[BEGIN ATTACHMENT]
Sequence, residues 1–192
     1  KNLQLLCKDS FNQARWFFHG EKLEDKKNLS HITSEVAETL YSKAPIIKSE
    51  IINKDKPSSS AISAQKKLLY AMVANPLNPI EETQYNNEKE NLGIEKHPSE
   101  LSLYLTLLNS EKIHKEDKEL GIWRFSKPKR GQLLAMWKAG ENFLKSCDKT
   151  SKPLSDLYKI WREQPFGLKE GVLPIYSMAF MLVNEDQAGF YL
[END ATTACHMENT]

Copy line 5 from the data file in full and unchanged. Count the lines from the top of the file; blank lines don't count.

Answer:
   151  SKPLSDLYKI WREQPFGLKE GVLPIYSMAF MLVNEDQAGF YL